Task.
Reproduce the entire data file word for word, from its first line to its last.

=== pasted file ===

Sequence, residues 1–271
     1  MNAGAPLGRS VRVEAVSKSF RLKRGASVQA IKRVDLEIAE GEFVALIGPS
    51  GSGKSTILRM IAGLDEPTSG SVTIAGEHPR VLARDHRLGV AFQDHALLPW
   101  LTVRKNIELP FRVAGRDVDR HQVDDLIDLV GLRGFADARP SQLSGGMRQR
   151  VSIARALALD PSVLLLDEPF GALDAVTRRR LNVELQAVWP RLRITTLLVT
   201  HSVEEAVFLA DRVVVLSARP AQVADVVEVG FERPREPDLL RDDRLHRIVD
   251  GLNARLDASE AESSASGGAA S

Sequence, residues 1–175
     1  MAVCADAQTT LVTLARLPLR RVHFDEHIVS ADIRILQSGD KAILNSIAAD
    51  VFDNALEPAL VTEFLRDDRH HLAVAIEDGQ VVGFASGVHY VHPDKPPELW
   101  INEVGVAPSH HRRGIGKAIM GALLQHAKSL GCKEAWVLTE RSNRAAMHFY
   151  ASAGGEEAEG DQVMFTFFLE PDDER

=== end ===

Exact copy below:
Sequence, residues 1–271
     1  MNAGAPLGRS VRVEAVSKSF RLKRGASVQA IKRVDLEIAE GEFVALIGPS
    51  GSGKSTILRM IAGLDEPTSG SVTIAGEHPR VLARDHRLGV AFQDHALLPW
   101  LTVRKNIELP FRVAGRDVDR HQVDDLIDLV GLRGFADARP SQLSGGMRQR
   151  VSIARALALD PSVLLLDEPF GALDAVTRRR LNVELQAVWP RLRITTLLVT
   201  HSVEEAVFLA DRVVVLSARP AQVADVVEVG FERPREPDLL RDDRLHRIVD
   251  GLNARLDASE AESSASGGAA S

Sequence, residues 1–175
     1  MAVCADAQTT LVTLARLPLR RVHFDEHIVS ADIRILQSGD KAILNSIAAD
    51  VFDNALEPAL VTEFLRDDRH HLAVAIEDGQ VVGFASGVHY VHPDKPPELW
   101  INEVGVAPSH HRRGIGKAIM GALLQHAKSL GCKEAWVLTE RSNRAAMHFY
   151  ASAGGEEAEG DQVMFTFFLE PDDER